7.3 Exploring the HTTP Protocol

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In this section we will manually exercise the HTTP protocol by pretending to be a web browser and sending HTTP commands to a web server to retrieve data. To play with the HTTP protocol, we will use one of the earliest Internet applications ever built.

The “telnet” application was first developed in 1968, and was developed according to one of the earliest standards for the Internet:

https://tools.ietf.org/html/rfc15

This standard is only five pages long and at this point, you probably can easily read and understand most of what is in the document. The telnet client application is so old that it is effectively a dinosaur, as it comes from “prehistoric” times in terms of the age of the Internet. The Internet was created in 1985 by the NSFNet project and the precursor to the NSFNet called the ARPANET was brought up in 1969. Telnet was designed and built even before the first TCP/IP network was in production.

Interestingly, the telnet application is still present in most modern operating systems. You can access telnet from the terminal (command line) in Macintosh and Linux. The telnet application was also present in Windows 95 through Windows XP, but is not included in later versions of Windows. If you have a later version of Windows, you can download and install a telnet client to do the examples in this section.

Telnet is a simple application. Run telnet from the command line (or terminal) and type the following command: telnet www.dr-chuck.com 80

The first parameter is a domain name (an IP address would work here as well) and a port to connect to on that host. We use the port to indicate which application server we would like to connect to. Port 80 is where we typically expect to find an HTTP (web) server application on a host. If there is no web server listening on port 80, our connection will time out and fail. But if there is a web server, we will be connected to that web server and whatever we type on our keyboard will be sent directly to the server.

At this point, we need to know the HTTP protocol and type the commands precisely as expected. If we don’t know the protocol, the web server will not be too friendly. Here is an example of things not going well:

 telnet www.dr-chuck.com 80
 Trying 198.251.66.43…
 Connected to www.dr-chuck.com.
 Escape character is '^]'.
 HELP
 501 Method Not Implemented … 
 Connection closed by foreign host.

We type “telnet” in the terminal requesting a connection to port 80 (the web server) on the host www.dr-chuck.com. You can see as our transport layer is looking up the domain name, finding that the actual address is “198.251.66.43”, and then making a successful connection to that server. Once we are connected, the server waits for us to type a command followed by the enter or return key. Since we don’t know the protocol, we type “HELP” and enter. The server is not pleased, gives us an error message, and then closes the connection. We do not get a second chance. If we do not know the protocol, the web server does not want to talk to us.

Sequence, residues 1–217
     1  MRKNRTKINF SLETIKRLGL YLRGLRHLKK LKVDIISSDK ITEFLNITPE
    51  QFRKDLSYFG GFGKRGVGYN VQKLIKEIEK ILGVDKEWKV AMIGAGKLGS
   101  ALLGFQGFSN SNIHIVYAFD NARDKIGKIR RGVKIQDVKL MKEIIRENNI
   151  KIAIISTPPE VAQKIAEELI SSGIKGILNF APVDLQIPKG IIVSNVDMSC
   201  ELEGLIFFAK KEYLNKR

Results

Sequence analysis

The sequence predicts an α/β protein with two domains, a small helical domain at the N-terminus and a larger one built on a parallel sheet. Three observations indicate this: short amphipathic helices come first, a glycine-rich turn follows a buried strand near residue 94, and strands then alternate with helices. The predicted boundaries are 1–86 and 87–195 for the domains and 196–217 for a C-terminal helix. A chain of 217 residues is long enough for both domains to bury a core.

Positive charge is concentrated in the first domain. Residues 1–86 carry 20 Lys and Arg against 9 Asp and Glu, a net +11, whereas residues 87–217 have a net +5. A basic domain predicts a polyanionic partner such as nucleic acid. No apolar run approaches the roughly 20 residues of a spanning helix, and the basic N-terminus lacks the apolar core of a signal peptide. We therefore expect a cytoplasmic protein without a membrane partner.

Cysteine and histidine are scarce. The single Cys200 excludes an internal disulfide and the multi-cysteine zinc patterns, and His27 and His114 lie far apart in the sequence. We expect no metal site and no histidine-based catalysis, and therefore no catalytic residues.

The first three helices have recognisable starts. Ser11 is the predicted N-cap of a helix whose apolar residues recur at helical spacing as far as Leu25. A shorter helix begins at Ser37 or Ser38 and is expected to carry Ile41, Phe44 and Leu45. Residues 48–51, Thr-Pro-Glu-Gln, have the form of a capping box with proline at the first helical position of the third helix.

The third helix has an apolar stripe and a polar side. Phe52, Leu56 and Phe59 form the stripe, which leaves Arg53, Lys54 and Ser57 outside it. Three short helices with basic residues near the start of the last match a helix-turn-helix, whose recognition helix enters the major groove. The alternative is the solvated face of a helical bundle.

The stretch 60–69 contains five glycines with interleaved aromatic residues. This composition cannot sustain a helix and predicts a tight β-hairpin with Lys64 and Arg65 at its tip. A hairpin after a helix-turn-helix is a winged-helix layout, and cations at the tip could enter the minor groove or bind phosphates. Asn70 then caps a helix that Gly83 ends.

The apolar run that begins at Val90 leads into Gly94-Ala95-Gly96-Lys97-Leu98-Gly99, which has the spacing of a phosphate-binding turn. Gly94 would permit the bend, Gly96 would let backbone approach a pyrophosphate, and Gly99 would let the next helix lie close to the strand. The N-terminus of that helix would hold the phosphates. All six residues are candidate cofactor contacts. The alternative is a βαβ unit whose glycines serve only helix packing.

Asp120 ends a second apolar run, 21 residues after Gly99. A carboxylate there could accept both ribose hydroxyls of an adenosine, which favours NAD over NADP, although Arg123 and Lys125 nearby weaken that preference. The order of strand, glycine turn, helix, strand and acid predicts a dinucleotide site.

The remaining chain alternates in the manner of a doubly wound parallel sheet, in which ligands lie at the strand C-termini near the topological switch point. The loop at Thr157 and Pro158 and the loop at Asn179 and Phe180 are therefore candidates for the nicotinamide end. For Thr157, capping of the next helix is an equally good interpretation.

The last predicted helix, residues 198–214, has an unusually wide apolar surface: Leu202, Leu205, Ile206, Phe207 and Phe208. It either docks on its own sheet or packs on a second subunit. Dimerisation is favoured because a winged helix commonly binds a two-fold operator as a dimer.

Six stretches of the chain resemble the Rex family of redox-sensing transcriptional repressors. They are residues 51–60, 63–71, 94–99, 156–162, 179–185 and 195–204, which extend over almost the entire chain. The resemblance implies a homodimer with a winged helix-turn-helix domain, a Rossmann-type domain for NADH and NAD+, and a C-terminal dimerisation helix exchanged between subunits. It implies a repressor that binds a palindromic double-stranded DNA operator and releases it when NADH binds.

But let’s go back and read section 5.3.2 of the RFC-7230 document and try again to request a document using the correct syntax:

telnet www.dr-chuck.com 80
Trying 198.251.66.43...
Connected to www.dr-chuck.com.
Escape character is '^]'.
GET http://www.dr-chuck.com/page1.htm HTTP/1.0
HTTP/1.1 200 OK
Last-Modified: Sun, 19 Jan 2014 14:25:43 GMT
Content-Length: 131
Content-Type: text/html
<h1>The First Page</h1>
<p>
If you like, you can switch to the
<a href="http://www.dr-chuck.com/page2.htm">
Second Page</a>.
</p>
Connection closed by foreign host.

We make the connection to the web browser again using telnet, then we send a GET command that indicates which document we want to retrieve. We use version 1.0 of the HTTP protocol because

Hacking HTTP By Hand
Figure 7.4: Hacking HTTP By Hand

it is simpler than HTTP 1.1. Then we send a blank line by pressing “return” or “enter” to indicate that we are done with our request.

Since we have sent the proper request, the host responds with a series of headers describing the document, followed by a blank line, then it sends the actual document.

The headers communicate metadata (data about data) about the document that we have asked to retrieve. For example, the first line contains a status code.

In this example, the status code of “200” means that things went well. A status code of “404” in the first line of the headers indicates that the requested document was not found. A status code of “301” indicates that the document has moved to a new location.

The status codes for HTTP are grouped into ranges: 2XX codes indicate success, 3XX codes are for redirecting, 4XX codes indicate that the client application did something wrong, and 5xx codes indicate that the server did something wrong.

This is a HyperText Markup Language (HTML) document, so it is marked up with tags like <h1> and <p>. When your browser receives the document in HTML format, it looks at the markup in the document, interprets it, and presents you a formatted version of the document.

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